Enigmatic Code

Programming Enigma Puzzles

Enigma 239: More points

From New Scientist #1385, 24th November 1983 [link]

Four football teams, ABC and D, have just finished a competition in which they all played each other once. They have been playing under a new system in which 10 points are awarded for a win, five points for a draw and one point for each goal scored.

There points were:

A  23
B  13
C    8
D  40

An object of this new system is to encourage goals. And this certainly seems to have happened. Each side scored at least 1 goal in every match, and in one match 10 goals were scored.

Find the score in each match.

Enigma 1277: Colourfields

From New Scientist #2435, 21st February 2004

Draw a 4-by-4 grid. Colour each square red or blue. Select any square, S, and write 1 in it. Then write 1 in every square you can reach from S by a series of moves, where each move is from a square to an adjacent, horizontally, vertically, or diagonally, square of the same colour.

Select any empty square, T, and write 2 in it. Then write 2 in every square you can reach from T by a series of moves. Repeat this procedure for 3 and then 4 and so on until every square has a number. The last number you write down is called the “score” for that colouring. If we imagine the grid is the map of a farm, then you have divided the map into fields, one field for each number.

(1) What is the largest score possible?

(2) If we work with a 5-by-5 grid, what is the largest score possible?

Enigma 238: Sort out your draws

From New Scientist #1384, 17th November 1983 [link]

In our local football league the six teams, Algols, Basics, Computers, Digitals, Electronics and Fortrans, each played each other once this season and the end-of-season league table has just been published. The teams finished in alphabetical order with no two teams scoring the same total number of points. We work on the system of 3 points for a win and 1 point for a draw. Just knowing each of the teams’ total points, and the fact that during the season there had been at least twice as many draws as wins, enabled me to work out the result of each match.

Someone beat Basics. Which team (or teams)? And which team(s) beat Fortrans?

Enigma 1278: Natural numbers

From New Scientist #2436, 28th February 2004

I have assigned a number to each letter of the alphabet. The numbers, which are not all different, include negative numbers, zero, positive numbers and fractions. I can tell you that:

O + N + E = 1
T + W + O = 2
T + H + R + E + E = 3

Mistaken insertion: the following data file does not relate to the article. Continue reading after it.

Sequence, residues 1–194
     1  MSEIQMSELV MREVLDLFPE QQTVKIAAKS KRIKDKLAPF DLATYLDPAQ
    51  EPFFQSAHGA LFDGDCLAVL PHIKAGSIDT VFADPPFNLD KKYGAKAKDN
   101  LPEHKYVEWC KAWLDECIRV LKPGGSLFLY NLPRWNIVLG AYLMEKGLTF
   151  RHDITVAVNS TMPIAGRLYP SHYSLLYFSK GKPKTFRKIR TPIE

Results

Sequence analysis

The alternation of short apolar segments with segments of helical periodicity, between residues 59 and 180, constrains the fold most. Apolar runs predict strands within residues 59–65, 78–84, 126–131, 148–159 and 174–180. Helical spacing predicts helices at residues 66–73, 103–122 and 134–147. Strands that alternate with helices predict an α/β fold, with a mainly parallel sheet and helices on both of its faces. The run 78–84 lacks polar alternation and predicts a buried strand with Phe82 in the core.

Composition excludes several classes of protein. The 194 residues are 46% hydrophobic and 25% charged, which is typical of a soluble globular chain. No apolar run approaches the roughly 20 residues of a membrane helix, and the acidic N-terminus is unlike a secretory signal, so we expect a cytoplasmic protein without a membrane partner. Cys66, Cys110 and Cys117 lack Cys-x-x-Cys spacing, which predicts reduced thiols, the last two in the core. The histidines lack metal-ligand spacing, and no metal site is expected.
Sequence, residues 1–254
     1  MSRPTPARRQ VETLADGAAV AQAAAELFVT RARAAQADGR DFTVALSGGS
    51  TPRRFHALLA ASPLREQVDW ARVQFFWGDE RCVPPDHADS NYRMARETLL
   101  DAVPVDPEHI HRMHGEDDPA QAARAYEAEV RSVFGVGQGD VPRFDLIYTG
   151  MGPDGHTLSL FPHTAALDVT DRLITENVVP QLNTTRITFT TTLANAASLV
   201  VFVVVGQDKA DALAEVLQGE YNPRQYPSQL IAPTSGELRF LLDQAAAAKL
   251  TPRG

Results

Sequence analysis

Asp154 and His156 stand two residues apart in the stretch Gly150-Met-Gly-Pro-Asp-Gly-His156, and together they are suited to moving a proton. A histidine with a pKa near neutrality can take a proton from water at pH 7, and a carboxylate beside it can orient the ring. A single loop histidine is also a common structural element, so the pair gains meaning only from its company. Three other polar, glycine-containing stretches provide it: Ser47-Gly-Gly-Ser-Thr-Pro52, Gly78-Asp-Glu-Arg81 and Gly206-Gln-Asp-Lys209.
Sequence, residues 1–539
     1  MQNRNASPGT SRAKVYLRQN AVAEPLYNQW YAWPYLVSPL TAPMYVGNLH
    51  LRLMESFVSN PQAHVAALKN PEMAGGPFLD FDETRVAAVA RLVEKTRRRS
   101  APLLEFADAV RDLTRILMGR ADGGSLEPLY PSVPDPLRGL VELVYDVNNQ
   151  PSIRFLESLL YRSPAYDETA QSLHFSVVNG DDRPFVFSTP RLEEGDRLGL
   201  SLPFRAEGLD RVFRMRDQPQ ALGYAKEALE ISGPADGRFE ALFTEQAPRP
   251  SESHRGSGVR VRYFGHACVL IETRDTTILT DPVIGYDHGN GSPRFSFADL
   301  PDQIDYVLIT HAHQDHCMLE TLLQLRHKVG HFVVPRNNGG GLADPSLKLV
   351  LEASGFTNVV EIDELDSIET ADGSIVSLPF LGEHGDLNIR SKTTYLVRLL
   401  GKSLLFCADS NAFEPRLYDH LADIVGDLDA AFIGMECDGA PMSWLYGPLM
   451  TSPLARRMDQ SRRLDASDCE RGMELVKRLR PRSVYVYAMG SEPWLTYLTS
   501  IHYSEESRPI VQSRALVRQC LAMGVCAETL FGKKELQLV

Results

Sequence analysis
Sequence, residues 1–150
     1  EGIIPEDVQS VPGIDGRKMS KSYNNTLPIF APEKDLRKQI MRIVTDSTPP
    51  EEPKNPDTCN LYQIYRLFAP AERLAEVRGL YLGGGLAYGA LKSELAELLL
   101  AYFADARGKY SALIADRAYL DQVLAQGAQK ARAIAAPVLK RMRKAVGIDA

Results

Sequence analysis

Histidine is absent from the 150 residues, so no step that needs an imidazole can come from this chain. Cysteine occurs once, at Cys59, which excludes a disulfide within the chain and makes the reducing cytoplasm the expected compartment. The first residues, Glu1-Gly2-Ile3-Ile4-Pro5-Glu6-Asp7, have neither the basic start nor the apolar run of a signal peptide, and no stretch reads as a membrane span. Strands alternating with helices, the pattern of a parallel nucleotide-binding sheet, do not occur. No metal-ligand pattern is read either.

F + O + U + R = 4
F + I + V + E = 5
S + I + X = 6
S + E + V + E + N = 7
E + I + G + H + T = 8
N + I + N + E = 9
T + E + N = 10
E + L + E + V + E + N = 11
T + W + E + L + V + E = 12
T + H + I + R + T + E + E + N = 13
F + O + U + R + T + E + E + N = 14

Find the value of  (A + F + F + I + X + I + N + G) – (A + N + S + W + E + R).

Enigma 237: Still more dominoes

From New Scientist #1383, 10th November 1983 [link]

The picture shows a full set of 28 dominoes from 0-0 to 6-6, arranged in an 8 × 7 block. This time I have shown where the 6-3 domino goes. Please mark the boundaries between the other dominoes.

Enigma 237

Note: I now have an internet connection at home so I’ll be able to resume my previous posting schedule (a new puzzle every other day). While I’ve been offline I’ve been able to keep up the posting frequency, but the actual times that puzzles were published was a bit variable (up to a day early or a day late). Over the next few days I’ll be checking all the activity that’s happened on the site while I’ve been offline (4 months!). Thank you for your patience.

Enigma 1279: Big Deal

From New Scientist #2437, 6th March 2004

Joe was looking for a new way to test his daughter’s logic skills. He took a pack of 52 playing cards and after discarding the four kings he dealt the cards into four piles in a line from left to right.

Then he picked up the piles in order, with the left pile on the top and the right pile on the bottom. He repeated this process a number of times until all the cards were again in the original order.

Putting the cards away, he asked his daughter to work out how many deals were needed to return the cards to their original positions.

As she did this she noticed that several cards returned to their original positions several times during the process.

How many cards returned more than once to their original positions?